The argument for the St. Louis Cardinals signing Albert Pujols is entirely sentimental. There is a reason that Albert Pujols was never seriously tied to another Major League Baseball team this off-season—his value is entirely based on what he did over a decade ago for the team which signed him. He is the slowest runner in Major League Baseball (and possibly in organized professional baseball, though I would have to dig in a bit deeper there). He is unplayable at any defensive position other than first base, a spot where the same guy started all but nine games last season for the Cardinals. Offensively, he is allegedly a destroyer of left-handed pitching, but since 2017 he has been below-average against southpaws by wRC+.
Analyzing Albert Pujols as a baseball player seems besides the point, and among the true believers of his return, treating it as a baseball transaction is the behavior of an irredeemable crank. Of course, the assumption that Cardinals fans will tolerate poor play from a franchise great isn’t based on reality—Matt Carpenter, who should be a first-ballot Cardinals Hall of Famer assuming his candidacy doesn’t conflict with that of Albert Pujols, Yadier Molina, or Adam Wainwright, garnered some boos during his final season.
The frustrations with Carpenter, who unlike Pujols was never expected to start in even a platoon role, were rooted in the circumstances of the team—the Cardinals spent most of 2021 barely outside a playoff position and if Carpenter were instead replaced by a better player, even a merely passable one, that could make the difference between October baseball and being shut out. The Cardinals, before signing Pujols, were seen by most projection systems and neutral prognosticators as a good team capable of a playoff berth but not likely to win the National League Central. Signing a 42 year-old who projects to be a sub-Replacement Level player and thus likely supplanting Juan Yepez or Lars Nootbaar from the team’s bench makes those odds some amount lower.
Albert Pujols was 35% below league-average at the plate during his time last season with the Los Angeles Angels—this is “we’d consider benching a Gold Glove-caliber shortstop if he hit this poorly” levels of awfulness. Even for his post-prime Angels career, which for the first few years wasn’t nearly the calamity that bitter Cardinals fans wished it would be, it was unusually bad. For each of the last five seasons, Albert Pujols was a below-average hitter. It was one thing for the Angels, who despite employing Mike Trout and Shohei Ohtani were never seriously competing for a postseason spot, to trot out Pujols, but what are the Cardinals going to do if he is holding back the team? This isn’t Ty Wigginton, a perfectly nice man who the Cardinals easily cut without incident after he played poorly off the bench in 2013. Sure, they could cut Pujols loose, but the potential damage in the clubhouse could be disastrous.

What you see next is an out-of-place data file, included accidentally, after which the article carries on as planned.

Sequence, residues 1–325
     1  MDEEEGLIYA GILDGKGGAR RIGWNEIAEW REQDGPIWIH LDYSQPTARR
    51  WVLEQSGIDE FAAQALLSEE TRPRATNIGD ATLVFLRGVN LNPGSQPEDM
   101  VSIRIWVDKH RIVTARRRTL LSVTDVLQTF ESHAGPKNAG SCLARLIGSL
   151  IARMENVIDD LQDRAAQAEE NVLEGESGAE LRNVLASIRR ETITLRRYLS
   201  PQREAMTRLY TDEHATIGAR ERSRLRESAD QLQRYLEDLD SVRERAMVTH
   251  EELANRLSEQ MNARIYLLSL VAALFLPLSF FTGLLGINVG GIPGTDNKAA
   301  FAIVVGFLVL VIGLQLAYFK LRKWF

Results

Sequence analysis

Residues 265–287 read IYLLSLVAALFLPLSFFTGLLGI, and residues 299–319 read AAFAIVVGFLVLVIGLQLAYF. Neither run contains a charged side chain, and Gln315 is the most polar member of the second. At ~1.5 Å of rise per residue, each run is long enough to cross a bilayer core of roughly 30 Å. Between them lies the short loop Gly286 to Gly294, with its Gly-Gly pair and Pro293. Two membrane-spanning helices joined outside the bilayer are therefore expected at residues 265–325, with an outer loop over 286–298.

The situation as it regards Pujols is not close to the looming retirement tours of Yadier Molina and Adam Wainwright. Wainwright gave the Cardinals over 200 innings with an ERA barely over three last season. Molina, though diminished, was still a playable catcher in 2021 and is still likely the team’s most MLB-ready catcher to start the 2022 season. The inevitable comparison from this off-season will be to the Kansas City Royals re-upping with Zack Greinke, but Greinke is not far removed from being a good MLB pitcher, and even if things go haywire on an individual level for Greinke, the Royals are unlikely to contend for the postseason.
Evaluating this signing through the prism of statistics is not a reasonable approach—whatever cherry-picked data is used to justify it (his solid wRC+ against lefties, his first truly great one since 2012 in a career not especially noted for strong handedness platoon splits) is rarely offered as the primary reason to sign him but rather a retrofitted justification that it won’t be that bad. But for a team that is meant to be viewed as a serious contender, a signing which by any objective measure spits in the face of this goal will likely have negative consequences. I suspect that my quantity of baseball watching this season will not change dramatically, but if it did, the team falling out of contention would be the surest way to activate apathy.
I saw Albert Pujols play eleven of the greatest seasons of baseball I have ever seen, and it has been a relief that I did not have to watch his last ten seasons, the best of which were materially weaker than his worst Cardinals ones and the worst of which made him among the sport’s worst players. I am terrified that the greatest Cardinal of my lifetime is now being activated as a shiny object to distract St. Louis from the fact that ownership is investing less money into the 2022 payroll than they did in 2021.
Signing Albert Pujols is simply not a thing baseball teams serious about anything other than selling merchandise do. The $2.5 million he will reportedly be paid is a non-factor—the Cardinals will make that money back in PR alone (heck, I might need to invest in an upgrade to my has-seen-better-days #5 jersey). None of his shortcomings mean you shouldn’t enjoy the sentimentality involved—I won’t pretend I won’t be glued to my TV on Opening Day to see the reception he receives. But it is more than reasonable to fear that the negatives—keeping an almost certainly better and certainly more important long-term investment in Juan Yepez mired in professional purgatory, the potential backlash if and when Pujols does not suddenly turn back into the Pujols we last saw everyday eleven years ago, that we will look back at the Albert Pujols retirement tour as an albatross that kept the team from achieving its fullest potential—will outweigh the positives.